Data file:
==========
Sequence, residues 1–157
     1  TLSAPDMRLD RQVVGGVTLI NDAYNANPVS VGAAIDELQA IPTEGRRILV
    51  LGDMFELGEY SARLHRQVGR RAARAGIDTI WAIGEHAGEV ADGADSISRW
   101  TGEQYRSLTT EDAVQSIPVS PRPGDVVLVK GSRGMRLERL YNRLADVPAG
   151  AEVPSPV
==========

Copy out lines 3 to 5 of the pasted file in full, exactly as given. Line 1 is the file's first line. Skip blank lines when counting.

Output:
    51  LGDMFELGEY SARLHRQVGR RAARAGIDTI WAIGEHAGEV ADGADSISRW
   101  TGEQYRSLTT EDAVQSIPVS PRPGDVVLVK GSRGMRLERL YNRLADVPAG
   151  AEVPSPV